It is most doubtful that this ruling would be accepted today. In the wake of the Conservative and Reform movements, during the past 10 years, people in the Orthodox world have come to understand that the woman’s place is no longer restricted to the kitchen. Feminist Orthodox women are demanding to take an active part in Jewish life. Egalitarian Orthodox synagogues, in which women don tallitot and lead services, are popping up like mushrooms after rain. The “public sensitivity” has changed.
The Kotel belongs to all the people of Israel. The Kotel is not a Haredi synagogue, and the Women of the Wall will not allow it to become such.
I was banned from visiting the Kotel for two weeks, and a criminal file has been opened against me. I hope that the file will be closed, especially so that my medical studies will not be jeopardized. Perhaps, with God’s help, this regretful event will awaken wide public objection, enough for the high court to re-evaluate its decision and annul it.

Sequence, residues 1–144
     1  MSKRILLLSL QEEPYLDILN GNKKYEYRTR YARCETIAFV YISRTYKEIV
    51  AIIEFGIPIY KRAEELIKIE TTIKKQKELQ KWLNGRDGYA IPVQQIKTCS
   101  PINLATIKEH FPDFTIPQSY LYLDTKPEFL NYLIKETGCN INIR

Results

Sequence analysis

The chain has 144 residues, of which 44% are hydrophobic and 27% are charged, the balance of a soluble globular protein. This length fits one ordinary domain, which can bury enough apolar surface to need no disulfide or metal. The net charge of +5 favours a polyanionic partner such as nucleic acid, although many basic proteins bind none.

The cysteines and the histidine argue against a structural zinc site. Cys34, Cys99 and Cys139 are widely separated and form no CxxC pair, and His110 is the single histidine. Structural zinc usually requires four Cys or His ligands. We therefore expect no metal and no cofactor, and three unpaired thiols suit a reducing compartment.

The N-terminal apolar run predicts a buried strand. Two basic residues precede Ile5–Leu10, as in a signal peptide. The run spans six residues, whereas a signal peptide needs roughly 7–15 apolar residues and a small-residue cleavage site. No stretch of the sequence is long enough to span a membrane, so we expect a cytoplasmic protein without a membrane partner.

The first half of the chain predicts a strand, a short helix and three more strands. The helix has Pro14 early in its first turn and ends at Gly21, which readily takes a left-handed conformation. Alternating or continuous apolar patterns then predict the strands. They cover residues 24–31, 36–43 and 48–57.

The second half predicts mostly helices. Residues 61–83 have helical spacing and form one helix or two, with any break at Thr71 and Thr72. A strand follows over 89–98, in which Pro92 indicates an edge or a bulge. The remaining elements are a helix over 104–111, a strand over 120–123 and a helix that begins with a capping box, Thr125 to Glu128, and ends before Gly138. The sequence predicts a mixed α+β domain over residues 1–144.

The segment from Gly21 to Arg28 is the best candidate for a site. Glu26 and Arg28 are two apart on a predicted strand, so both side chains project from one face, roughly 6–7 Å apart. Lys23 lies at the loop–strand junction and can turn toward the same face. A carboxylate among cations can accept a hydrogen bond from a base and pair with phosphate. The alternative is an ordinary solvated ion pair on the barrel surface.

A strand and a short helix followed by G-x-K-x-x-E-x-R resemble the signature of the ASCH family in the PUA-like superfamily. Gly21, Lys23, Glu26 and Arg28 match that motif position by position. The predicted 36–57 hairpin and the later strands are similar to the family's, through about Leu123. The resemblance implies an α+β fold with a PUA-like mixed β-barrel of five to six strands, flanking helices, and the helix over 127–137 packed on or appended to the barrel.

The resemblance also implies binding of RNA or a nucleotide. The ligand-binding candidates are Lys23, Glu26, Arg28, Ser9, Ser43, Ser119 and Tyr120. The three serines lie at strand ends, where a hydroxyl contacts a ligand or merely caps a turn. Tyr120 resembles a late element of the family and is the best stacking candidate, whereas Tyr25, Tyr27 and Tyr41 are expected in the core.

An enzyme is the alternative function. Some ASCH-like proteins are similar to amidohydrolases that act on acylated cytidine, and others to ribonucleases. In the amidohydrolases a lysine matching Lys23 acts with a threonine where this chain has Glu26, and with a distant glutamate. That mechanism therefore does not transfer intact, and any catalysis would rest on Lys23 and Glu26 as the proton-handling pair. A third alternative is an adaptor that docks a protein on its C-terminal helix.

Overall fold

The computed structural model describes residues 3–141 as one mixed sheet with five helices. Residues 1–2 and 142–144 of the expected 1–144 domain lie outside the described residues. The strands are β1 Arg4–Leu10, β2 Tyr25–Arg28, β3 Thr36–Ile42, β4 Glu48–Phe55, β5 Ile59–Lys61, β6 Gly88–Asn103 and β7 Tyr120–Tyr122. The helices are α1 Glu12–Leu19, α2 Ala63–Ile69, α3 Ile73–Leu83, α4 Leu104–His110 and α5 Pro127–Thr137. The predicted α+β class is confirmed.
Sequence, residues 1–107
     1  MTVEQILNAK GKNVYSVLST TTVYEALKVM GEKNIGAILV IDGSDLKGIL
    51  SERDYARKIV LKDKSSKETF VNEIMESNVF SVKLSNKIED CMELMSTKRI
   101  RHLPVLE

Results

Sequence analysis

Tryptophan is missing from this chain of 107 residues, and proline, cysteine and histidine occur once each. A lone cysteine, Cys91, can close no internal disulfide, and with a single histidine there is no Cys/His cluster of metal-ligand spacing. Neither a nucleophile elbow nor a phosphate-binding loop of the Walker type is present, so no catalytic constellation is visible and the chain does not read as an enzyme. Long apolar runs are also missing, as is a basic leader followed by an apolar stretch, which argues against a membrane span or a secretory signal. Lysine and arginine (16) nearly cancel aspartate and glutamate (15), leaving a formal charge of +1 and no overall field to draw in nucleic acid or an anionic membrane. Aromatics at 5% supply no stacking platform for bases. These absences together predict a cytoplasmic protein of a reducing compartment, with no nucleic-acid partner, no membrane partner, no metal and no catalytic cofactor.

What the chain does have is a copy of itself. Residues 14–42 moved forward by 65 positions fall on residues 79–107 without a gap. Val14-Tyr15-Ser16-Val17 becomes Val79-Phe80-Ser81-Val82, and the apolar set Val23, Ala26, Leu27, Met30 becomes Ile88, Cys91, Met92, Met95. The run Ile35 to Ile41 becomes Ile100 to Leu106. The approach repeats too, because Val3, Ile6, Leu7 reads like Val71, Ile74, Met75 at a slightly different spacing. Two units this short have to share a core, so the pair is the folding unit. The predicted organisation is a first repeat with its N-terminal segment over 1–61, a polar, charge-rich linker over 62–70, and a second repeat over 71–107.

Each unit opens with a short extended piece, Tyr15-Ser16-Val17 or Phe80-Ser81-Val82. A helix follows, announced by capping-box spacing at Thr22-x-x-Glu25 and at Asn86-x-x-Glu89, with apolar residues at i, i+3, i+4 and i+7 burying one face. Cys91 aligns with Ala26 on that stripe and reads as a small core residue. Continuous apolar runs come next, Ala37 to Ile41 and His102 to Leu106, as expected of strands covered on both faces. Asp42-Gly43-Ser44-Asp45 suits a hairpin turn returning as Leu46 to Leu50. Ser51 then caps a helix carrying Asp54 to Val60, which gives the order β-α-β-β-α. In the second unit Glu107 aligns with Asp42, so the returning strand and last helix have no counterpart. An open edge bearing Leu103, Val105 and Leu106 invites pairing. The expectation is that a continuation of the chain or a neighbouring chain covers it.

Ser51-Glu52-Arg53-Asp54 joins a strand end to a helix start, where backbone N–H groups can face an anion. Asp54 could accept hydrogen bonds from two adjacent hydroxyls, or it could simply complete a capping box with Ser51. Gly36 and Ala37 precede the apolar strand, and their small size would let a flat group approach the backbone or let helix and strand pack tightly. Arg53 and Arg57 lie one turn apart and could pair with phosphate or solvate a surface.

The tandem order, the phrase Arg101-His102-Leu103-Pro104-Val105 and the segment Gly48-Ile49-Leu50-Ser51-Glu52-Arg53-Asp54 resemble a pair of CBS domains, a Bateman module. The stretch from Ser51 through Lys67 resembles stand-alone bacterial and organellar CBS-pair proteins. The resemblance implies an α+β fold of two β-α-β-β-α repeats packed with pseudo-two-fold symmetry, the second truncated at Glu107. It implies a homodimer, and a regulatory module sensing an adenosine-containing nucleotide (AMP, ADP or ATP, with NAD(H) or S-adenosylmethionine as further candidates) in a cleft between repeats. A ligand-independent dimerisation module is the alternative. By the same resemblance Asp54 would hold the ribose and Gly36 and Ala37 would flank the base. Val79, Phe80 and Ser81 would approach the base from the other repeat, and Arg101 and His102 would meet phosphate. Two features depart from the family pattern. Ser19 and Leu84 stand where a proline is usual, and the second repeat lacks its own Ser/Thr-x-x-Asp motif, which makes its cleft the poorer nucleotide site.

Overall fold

Jerusalem is the city of holiness and justice for all humankind. From Zion, the voice calling for equality should be heard, for boundless love, for better understanding between people. Jerusalem has already been destroyed, due to unfounded hatred. Let us hope it will not happen again.
Nofrat Frenkel is a fifth-year medical student in Israel and an active member of the Masorti kehilla in Kfar Saba. This was translated from the Hebrew.
This story "The ‘Crime’ of Praying with a Tallit, and a Plea for Tolerance" was written by Nofrat Frenkel.